Graphic Forecast: A view of the Experimental GFA looking at the forecast ceilings and visibility for a route between Fairbanks and Anchorage via Healy River and Talkeetna. Being able to display a multi-leg route helps relate to the forecast conditions along each leg of the flight.

Some of these custom options include controls for layers that allow a user to select times and altitudes to display information specific to those settings.  These options demand some study to ensure you have correctly adjusted your settings to display the desired information.  Winds, turbulence, and icing forecasts can be selected for different altitudes. Care will also be needed when viewing PIREPs.  An altitude selector scale is provided but it might be good initially to use the ALL option to get the complete picture before focusing on a single altitude range.

For those of us long-time users of the Alaska Aviation Weather Unit website, the GFA is different—and will take getting used to.  This system combines point observations such as METARs and PIREPs with graphic layers showing the lateral extent of sky cover and includes yet a third element– spot features that forecast cloud bases, tops, and sky cover at regular intervals.  This last layer shows what we used to get in a paragraph of text for an entire forecast zone, but it is now broken into smaller elements, providing additional spatial resolution (see figure below).

Gridded Forecast: This example shows a forecast predicting sky cover, bases, and tops on a gridded basis. The pilot selected route depicted as the pink line is superimposed along with rivers and public use airports in this example help provide for geographic reference. The legend, displayed at the bottom, is never far away.

This weather evaluation product is highly customizable.  The number of features displayed change as one zooms in and out of the product, while continuing to show the route selected in the first place. I particularly like being able to turn on the major rivers for situational awareness.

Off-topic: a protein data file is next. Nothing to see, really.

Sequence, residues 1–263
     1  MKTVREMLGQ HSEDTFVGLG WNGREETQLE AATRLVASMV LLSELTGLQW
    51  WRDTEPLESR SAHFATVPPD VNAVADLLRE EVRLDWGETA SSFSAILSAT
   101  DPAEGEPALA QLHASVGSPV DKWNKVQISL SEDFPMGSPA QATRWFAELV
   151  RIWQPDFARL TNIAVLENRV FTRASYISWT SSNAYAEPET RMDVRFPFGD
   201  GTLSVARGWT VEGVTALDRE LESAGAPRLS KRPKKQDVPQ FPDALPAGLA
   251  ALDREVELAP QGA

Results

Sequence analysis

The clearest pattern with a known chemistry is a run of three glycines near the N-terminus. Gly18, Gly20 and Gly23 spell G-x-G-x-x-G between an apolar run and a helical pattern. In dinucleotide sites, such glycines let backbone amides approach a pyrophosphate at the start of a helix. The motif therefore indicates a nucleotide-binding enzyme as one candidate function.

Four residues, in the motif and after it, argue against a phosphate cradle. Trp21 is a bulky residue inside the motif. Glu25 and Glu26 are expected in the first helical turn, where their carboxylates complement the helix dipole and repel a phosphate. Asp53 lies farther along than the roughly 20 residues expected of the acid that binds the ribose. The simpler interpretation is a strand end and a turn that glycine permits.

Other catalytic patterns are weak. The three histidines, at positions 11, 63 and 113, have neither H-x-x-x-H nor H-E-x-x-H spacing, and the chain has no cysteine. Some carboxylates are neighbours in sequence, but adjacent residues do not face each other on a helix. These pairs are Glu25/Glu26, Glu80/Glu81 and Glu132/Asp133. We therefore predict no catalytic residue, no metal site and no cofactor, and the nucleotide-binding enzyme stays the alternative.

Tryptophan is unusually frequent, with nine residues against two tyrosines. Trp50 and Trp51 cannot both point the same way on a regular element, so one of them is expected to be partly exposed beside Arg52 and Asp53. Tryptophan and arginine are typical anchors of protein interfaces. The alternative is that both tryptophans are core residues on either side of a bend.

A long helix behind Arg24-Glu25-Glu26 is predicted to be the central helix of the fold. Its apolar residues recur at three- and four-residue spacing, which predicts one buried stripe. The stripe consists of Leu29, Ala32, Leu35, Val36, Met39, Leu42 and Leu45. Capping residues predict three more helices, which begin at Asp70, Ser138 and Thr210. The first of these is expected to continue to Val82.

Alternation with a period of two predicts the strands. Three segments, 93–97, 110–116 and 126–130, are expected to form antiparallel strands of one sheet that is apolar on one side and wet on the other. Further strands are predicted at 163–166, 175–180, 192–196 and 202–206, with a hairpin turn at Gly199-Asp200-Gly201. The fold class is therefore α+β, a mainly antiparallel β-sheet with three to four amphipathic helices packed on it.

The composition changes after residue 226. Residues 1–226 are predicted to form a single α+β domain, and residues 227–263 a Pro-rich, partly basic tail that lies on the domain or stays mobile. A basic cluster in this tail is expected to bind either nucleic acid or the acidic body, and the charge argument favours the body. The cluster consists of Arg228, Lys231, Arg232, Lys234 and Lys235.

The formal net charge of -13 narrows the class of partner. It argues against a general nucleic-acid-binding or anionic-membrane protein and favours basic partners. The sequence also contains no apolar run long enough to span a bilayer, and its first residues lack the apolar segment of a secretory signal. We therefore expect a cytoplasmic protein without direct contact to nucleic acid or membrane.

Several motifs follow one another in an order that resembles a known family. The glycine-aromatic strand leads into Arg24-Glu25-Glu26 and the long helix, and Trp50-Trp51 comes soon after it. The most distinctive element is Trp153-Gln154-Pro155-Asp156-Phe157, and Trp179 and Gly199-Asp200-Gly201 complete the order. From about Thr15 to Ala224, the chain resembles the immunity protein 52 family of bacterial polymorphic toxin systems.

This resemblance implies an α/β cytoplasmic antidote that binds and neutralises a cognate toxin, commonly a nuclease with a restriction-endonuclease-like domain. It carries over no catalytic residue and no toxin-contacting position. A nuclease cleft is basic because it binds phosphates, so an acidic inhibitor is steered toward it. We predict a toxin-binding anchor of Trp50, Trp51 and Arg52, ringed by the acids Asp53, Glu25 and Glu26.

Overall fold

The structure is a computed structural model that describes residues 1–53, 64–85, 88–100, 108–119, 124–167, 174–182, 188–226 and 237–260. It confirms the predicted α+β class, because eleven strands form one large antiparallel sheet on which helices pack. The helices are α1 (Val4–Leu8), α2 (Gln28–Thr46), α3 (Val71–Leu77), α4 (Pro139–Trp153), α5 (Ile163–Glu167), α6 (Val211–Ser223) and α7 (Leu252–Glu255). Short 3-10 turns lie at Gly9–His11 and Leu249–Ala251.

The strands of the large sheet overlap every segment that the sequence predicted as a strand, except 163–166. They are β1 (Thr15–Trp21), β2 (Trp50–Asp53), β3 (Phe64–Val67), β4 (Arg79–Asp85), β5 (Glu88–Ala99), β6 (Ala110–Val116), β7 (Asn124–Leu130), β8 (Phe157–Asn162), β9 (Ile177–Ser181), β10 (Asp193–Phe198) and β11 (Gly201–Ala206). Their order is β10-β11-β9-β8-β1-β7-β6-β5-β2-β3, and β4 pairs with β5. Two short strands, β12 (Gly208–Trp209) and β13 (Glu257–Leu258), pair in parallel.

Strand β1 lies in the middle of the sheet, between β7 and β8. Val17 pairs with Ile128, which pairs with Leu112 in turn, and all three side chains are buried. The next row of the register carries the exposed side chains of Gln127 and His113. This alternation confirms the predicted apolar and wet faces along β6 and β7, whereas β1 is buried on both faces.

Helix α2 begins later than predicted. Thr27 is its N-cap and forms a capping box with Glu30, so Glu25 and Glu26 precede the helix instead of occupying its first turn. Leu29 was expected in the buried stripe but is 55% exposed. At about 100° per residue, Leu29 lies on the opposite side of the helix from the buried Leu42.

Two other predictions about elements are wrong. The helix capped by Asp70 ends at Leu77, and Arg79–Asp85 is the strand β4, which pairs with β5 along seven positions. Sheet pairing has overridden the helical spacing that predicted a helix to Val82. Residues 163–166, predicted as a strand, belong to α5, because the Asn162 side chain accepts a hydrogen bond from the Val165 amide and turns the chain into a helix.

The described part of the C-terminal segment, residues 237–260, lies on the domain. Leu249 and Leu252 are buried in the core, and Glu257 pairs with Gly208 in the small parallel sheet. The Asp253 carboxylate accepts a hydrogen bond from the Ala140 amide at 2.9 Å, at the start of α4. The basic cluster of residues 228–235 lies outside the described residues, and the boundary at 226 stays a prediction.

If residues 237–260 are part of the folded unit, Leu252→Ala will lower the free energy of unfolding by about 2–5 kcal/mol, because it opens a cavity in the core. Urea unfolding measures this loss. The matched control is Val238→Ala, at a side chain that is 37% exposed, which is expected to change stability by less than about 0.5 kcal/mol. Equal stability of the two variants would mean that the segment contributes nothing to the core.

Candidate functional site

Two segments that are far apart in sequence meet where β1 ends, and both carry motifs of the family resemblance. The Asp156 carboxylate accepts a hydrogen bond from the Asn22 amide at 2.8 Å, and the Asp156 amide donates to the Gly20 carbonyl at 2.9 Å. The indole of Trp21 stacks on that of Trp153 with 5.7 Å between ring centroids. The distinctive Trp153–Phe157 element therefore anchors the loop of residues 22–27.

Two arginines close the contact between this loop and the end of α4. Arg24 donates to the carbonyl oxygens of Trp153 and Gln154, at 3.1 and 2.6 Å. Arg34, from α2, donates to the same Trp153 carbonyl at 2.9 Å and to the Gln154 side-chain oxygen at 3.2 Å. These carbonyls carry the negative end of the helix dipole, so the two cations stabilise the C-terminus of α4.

Share Your Thoughts
The comment period for this experimental product is slated to run through September, 2022.  Please take some time now, during the short dark days of mid-winter, to try planning some routes you normally fly, and see how this system delivers the data. If you are unfamiliar with the GFA, a short video tutorial is available to help get started.  The Info button at the upper right corner of the window will provide a brief description, with links to the tutorial video, the product description document, and a link to the survey to provide feedback. You may also use the “Contact AWC” link in the “fine print” at the bottom of the page if you want to comment on the product.

NWS wants our feedback.  Using the Survey button near the top right corner of the frame to provide feedback will help the product designers and interface experts at the NWS better understand how to adjust the weather evaluation tool as required for Alaska and ensure the system is user-friendly and meets the needs of pilots. Please also share your thoughts on this system with AOPA by email at [email protected]. The time you invest in this today will impact the quality of the product we have to work with in the future!

 

Neither rain nor COVID defeats practice runway at Fairbanks

It took a little longer than normal, but despite setbacks with weather and equipment, the practice runway is set up at Fairbanks International Airport. Only five days before the start of sheep hunting season, pilots again have an 800 by 25-foot wide strip to brush up on short field operations before heading to the field.

Background
For the past nine years, a partnership between the Fairbanks General Aviation Association (the airport user group) and Fairbanks International Airport and other local aviation stakeholders including volunteers from the Ninety Nines, EAA, Alaska Airmen Association and the UAF Aviation Technology Program has provided an enhancement on the gravel runway. This gravel runway is referred to as the “ski strip” because during the snow-covered months it is used exclusively for ski equipped aircraft. During the summer, this 2,900-foot by 75-foot gravel runway sees a lot of use by tail draggers, especially those with big tires that have an aversion to pavement.  In 2011 the FAA Airports Division approved a Modification to Standards allowing the runway to be marked by painting two by four-foot rectangles on the gravel to outline a simulated much smaller “bush” runway.  The rectangles are spaced at 100-foot intervals, providing a convenient reference to estimate landing or take off distances.

Paint being applied to the runway, while other members of the crew move a second template to the next mark. With two templates, it only took an hour to mark practice runways on both ends of the Ski Strip at Fairbanks International Airport.

This year was different